Thursday, August 2, 2007

Tip To Borrowers - Lenders Can Do Math!

I don't make a habit of picking on specific borrowers, but after writing a few tips for borrowers, I wanted to highlight what not to do. In this listing, the potential borrower wants a loan of $8000 and claimed a gross income of ~$16600 and listed expenses of ~$5000.

MY INCOME and EXPENSES:I make about $200,000 per year and my husband stays home with the kids. My expenses Mortgage ($2,500/mo), Insurances (300/mo), Utilities (500/mo), Two car payments ($757 and $712/mo respectively), three credit cards that never really have much of a balance (maybe $100/mo payment), Student Loans ($170/mo). I also have to cover some of my own travel in my income I stated as well as pay my taxes.

Even ignoring food and leisure, quick math implies that there should be some money left over (pessimistically assume taxes average 35%). $16600 * 0.65 - $5000 = $5790. So why do you need the loan again? Ah, yes, that little detail about covering travel expenses.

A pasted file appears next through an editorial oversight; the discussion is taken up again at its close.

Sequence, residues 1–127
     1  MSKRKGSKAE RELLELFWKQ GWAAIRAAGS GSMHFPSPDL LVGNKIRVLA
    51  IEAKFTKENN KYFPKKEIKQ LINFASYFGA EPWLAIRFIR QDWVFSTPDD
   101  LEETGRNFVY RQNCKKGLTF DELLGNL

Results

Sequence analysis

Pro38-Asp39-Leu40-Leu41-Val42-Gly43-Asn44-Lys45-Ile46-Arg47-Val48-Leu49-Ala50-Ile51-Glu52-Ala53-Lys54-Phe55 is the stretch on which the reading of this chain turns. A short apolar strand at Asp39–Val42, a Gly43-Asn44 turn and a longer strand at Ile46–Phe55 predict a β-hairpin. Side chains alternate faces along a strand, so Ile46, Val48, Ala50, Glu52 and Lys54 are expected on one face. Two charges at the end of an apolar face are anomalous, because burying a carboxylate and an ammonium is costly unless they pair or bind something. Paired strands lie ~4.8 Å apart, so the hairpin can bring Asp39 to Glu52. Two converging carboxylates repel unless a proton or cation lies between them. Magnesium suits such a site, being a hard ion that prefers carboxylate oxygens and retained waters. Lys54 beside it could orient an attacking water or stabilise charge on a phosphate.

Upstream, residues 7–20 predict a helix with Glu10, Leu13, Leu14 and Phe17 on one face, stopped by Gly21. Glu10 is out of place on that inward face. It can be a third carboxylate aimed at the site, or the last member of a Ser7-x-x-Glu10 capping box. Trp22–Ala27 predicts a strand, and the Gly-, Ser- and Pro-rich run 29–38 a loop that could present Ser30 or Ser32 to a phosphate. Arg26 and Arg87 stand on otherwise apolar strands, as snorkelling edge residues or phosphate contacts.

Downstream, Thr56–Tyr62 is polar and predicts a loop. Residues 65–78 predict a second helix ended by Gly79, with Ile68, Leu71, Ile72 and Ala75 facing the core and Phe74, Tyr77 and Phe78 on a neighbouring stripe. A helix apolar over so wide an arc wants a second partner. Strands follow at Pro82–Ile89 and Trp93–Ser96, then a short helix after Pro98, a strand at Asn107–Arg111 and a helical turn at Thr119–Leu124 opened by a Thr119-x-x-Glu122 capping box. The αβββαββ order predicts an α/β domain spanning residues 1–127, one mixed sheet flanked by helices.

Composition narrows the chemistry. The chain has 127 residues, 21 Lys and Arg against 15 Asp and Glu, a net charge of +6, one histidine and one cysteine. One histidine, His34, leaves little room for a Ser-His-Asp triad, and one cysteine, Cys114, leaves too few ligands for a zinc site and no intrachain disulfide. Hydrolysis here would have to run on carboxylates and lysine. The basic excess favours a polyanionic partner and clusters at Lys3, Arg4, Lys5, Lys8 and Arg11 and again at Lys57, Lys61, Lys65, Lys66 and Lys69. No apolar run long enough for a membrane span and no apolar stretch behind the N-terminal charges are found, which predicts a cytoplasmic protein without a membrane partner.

thank you for your question. I have to pay for my travel expenses out of my income and since I travel 100% of the time, typically my expenses for a month are around $6,000 or $70K per year. I also have to pay my taxes on my income as I am self-employed. I end up with some extra money per month which I try to put into the kids' education fund and save for vacations as well as a regular savings account. I could go for several months without work since I am a contractor & rely on savings.

Oh, yes, that one expense that's greater than all the other expenses combined. Yes, that's why they need the loan. Would the inclusion of this expense stop me from bidding? Nope. Would the act of ignoring a significant expense make me wonder what else the borrower is failing to disclose? Yup. Will this stop me from bidding? You betcha!

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